If you are one of the estimated 40 percent of credit card borrowers who keep a running balance, brace yourself for higher rates. It won’t make for much of a monthly increase in interest charges, but it could add up to significant borrower costs over time, especially for those with high balances.
The Federal Reserve’s December decision to boost its benchmark interest rate by one-quarter of a percentage point will mean higher card rates within the next two billing cycles, according to CreditCards.com senior industry analyst Matt Schulz.
Most consumers will see their credit card rates nudge upward by the same amount, one quarter of a percent point, as the Fed’s move, he said.
Credit reporting agency TransUnion reports that the combination of interest rate increases and more subprime borrowers will generate a surge in delinquency rates in 2017 for both auto loans and credit cards.
On the credit card front, we have seen the percent of subprime accounts reach their highest level since the end of 2010; for auto finance, this figure is now at its highest point since the conclusion of 2013,” says Nidhi Verma, senior director of research and consulting in TransUnion’s financial services business unit.
TransUnion projects the credit card delinquency rate will continue to rise to end the year 2017 at 1.82 percent, its highest level since the fourth quarter of 2011 and a 6.1 percent increase from the expected fourth quarter 2016 delinquency rate.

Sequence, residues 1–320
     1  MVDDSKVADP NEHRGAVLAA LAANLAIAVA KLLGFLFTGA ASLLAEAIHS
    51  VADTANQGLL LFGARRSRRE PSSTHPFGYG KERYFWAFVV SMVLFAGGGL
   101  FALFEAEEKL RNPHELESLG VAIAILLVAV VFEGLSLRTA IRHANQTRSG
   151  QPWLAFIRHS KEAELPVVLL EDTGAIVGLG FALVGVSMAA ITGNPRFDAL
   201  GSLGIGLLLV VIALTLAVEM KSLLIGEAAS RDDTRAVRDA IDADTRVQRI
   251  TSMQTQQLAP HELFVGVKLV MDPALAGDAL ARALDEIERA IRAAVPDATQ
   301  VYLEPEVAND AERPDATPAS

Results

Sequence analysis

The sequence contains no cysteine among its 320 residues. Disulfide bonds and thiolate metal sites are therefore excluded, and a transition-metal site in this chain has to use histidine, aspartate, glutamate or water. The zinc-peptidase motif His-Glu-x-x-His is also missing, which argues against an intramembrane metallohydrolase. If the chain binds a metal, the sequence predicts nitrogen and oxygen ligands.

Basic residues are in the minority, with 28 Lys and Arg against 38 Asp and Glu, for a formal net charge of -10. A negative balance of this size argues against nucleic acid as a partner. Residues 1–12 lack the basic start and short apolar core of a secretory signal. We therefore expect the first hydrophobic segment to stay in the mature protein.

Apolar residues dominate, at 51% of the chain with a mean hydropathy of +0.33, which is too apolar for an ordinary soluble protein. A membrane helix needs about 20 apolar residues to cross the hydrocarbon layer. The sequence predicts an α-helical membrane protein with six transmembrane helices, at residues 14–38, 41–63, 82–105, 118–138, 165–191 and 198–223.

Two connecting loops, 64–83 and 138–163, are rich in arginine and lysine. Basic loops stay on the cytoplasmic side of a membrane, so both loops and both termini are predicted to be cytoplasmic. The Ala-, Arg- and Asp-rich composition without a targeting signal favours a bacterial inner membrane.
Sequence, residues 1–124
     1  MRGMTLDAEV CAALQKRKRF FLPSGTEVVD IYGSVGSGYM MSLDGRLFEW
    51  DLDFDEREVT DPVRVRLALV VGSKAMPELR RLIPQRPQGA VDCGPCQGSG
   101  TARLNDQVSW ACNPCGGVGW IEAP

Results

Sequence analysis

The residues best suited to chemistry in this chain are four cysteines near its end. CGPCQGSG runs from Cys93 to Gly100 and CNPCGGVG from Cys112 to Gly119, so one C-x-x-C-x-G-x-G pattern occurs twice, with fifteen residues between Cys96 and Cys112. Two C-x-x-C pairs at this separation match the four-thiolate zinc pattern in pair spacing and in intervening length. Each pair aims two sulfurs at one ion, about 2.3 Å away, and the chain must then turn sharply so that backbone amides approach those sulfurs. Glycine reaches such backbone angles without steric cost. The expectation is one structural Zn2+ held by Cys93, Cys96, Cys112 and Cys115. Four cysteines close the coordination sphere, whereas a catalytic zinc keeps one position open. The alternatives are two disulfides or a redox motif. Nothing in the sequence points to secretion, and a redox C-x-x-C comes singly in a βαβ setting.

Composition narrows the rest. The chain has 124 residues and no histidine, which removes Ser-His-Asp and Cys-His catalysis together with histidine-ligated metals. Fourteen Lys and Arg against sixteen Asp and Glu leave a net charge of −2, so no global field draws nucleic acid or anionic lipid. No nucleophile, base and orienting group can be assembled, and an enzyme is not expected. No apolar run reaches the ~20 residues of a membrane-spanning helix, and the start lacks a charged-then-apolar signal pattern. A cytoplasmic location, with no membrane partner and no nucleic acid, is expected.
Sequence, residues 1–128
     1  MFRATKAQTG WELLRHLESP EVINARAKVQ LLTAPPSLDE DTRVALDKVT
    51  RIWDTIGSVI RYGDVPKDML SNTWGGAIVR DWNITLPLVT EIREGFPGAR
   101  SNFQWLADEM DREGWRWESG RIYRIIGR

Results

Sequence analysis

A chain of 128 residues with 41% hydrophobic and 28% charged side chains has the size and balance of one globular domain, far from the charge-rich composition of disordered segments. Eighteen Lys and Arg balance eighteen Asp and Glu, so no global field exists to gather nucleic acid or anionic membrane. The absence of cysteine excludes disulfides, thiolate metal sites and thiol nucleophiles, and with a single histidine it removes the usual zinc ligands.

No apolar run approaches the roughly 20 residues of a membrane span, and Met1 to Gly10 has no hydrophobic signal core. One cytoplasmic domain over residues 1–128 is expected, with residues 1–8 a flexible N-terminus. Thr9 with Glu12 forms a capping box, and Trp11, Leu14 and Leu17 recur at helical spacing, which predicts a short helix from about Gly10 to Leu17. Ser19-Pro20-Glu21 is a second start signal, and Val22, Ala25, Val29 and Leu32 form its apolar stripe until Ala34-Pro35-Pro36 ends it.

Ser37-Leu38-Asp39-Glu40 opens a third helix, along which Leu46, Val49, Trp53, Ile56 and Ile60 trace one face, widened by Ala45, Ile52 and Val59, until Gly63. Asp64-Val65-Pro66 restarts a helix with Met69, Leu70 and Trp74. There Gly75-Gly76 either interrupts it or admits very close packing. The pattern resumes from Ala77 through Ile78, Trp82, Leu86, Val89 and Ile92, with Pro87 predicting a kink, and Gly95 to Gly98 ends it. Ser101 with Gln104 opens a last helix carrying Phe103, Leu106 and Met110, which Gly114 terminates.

While delinquency rates are expected to rise for most credit products, mortgage loans will like continue a downward trend that has now seen delinquency rates drop every quarter since the third quarter of 2013, TransUnion says.
“After 22 straight quarters of declines in card delinquency between 2010 and 2015, we observed an increase in the third quarter of 2015,” says Paul Siegfried, senior vice president and credit card business leader for TransUnion. “Since then, we’ve continued to observe higher delinquencies.
In the third quarter of 2016, subprime account volume grew 14.7 percent, the largest growth rate since TransUnion began tracking such accounts in the third quarter of 2009. However, subprime accounts comprised only about 10 percent (39.6 million) of the 398.5 million credit card accounts in the third quarter of 2016.